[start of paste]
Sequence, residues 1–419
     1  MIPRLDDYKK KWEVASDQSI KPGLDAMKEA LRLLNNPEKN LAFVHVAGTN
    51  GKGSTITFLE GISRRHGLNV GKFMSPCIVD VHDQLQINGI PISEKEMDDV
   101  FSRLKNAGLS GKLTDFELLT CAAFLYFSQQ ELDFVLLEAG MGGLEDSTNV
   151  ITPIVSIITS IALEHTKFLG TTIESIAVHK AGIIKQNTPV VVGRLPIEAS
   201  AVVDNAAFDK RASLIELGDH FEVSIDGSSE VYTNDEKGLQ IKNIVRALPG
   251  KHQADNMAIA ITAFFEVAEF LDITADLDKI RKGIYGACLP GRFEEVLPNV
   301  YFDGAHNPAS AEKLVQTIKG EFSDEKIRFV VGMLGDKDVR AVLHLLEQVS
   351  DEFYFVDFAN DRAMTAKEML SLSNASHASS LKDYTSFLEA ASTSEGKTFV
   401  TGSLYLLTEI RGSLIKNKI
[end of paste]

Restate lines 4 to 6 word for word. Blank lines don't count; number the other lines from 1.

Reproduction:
   101  FSRLKNAGLS GKLTDFELLT CAAFLYFSQQ ELDFVLLEAG MGGLEDSTNV
   151  ITPIVSIITS IALEHTKFLG TTIESIAVHK AGIIKQNTPV VVGRLPIEAS
   201  AVVDNAAFDK RASLIELGDH FEVSIDGSSE VYTNDEKGLQ IKNIVRALPG